American national denied Swiss citizenship after 39 years
A 75-year-old expat American who taught as a professor at Switzerland’s top university was denied Swiss citizenship after local officials ruled he did not know enough about the region where he has lived for 39 years.
The former longtime chemical engineering professor at ETH Zurich, the Swiss Federal Institute for Technology, learned on Monday that his application to become a naturalized Swiss was turned down, newspaper 20 Minuten reported.
The municipal district assembly of Einsiedeln, a monastery town in the canton of Schwyz where the American lives, upheld a decision of the district council following a half-hour discussion.
The assembly concluded that the retired academic was not sufficiently integrated to merit citizenship.
The Californian has lived since 1975 in Einsiedeln, where he and his wife have raised three children, and where he is a member of local tennis and sailing clubs, 20 Minuten said.
Despite his good knowledge of Switzerland and his ability to speak German, a local naturalization commission ruled that he did not know enough about the geography and politics of the region where he lived, the newspaper said.
The commission said the American could not name six neighbouring villages and was unaware of the current political issues in Einsiedeln.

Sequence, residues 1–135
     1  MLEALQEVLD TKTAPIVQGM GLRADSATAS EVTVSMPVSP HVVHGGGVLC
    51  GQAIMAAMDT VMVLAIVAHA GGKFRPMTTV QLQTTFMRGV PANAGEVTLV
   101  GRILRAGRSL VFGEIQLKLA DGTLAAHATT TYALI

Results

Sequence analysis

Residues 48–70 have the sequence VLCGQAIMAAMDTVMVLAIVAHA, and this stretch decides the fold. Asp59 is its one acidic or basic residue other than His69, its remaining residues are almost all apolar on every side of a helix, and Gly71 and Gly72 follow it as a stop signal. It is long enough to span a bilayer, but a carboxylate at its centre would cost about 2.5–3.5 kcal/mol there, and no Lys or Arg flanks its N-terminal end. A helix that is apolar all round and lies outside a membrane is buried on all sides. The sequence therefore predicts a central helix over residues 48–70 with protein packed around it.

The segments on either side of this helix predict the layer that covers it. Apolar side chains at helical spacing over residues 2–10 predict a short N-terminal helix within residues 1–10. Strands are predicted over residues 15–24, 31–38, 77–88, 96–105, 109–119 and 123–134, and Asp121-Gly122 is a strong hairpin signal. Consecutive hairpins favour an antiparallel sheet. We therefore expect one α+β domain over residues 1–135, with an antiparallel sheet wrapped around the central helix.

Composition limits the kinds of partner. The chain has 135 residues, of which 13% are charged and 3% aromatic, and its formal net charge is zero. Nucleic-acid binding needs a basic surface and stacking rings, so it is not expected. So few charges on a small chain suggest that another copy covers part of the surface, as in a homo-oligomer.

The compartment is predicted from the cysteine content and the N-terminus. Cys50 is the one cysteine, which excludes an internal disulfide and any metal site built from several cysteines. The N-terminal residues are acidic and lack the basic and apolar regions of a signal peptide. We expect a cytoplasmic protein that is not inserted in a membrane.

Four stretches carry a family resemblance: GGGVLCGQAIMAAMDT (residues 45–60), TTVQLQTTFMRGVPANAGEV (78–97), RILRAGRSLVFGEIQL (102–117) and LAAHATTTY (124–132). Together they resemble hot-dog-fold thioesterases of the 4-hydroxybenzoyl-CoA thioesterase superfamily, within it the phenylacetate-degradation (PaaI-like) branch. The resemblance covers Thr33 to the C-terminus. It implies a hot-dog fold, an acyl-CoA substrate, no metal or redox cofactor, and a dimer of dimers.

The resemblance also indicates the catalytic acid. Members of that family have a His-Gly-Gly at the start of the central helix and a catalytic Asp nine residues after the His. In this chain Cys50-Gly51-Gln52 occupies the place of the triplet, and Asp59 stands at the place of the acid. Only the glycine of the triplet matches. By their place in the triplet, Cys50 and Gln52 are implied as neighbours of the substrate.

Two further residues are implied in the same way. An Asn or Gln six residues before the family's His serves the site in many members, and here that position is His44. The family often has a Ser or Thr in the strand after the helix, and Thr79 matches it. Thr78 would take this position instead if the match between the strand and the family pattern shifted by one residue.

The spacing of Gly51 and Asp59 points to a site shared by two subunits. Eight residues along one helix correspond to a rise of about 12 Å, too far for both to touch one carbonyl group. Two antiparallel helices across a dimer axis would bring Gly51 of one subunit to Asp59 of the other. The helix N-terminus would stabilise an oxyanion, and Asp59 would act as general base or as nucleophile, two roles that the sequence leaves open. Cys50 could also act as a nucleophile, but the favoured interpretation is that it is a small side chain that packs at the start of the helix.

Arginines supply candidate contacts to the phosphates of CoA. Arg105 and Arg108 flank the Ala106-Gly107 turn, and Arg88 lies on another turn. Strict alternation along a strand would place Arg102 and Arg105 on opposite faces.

It believed he wanted to become a Swiss citizen mainly for the “personal benefits and guarantees” this would bring.
It is not clear whether the American wants to give up his US citizenship for tax purposes (Americans are required to file income tax returns even if they live abroad and are liable for double taxation).
Although the decision was negative, the unsuccessful applicant must still pay a 3,600-franc administrative fee.
He has the right to contest the decision within 10 days at the Schwyz cantonal administrative court.
Foreigners with no family ties to Switzerland must live in the country for at least 12 years before they can apply for Swiss citizenship.
An applicant must show that he or she is well integrated, is familiar with local customs and traditions, and poses no security threat.
But the detailed requirements differ depending on what canton an applicant is living in and in what municipality.
And according to the federal administration, “there is no legally protected right to being naturalized by a community and a canton”.
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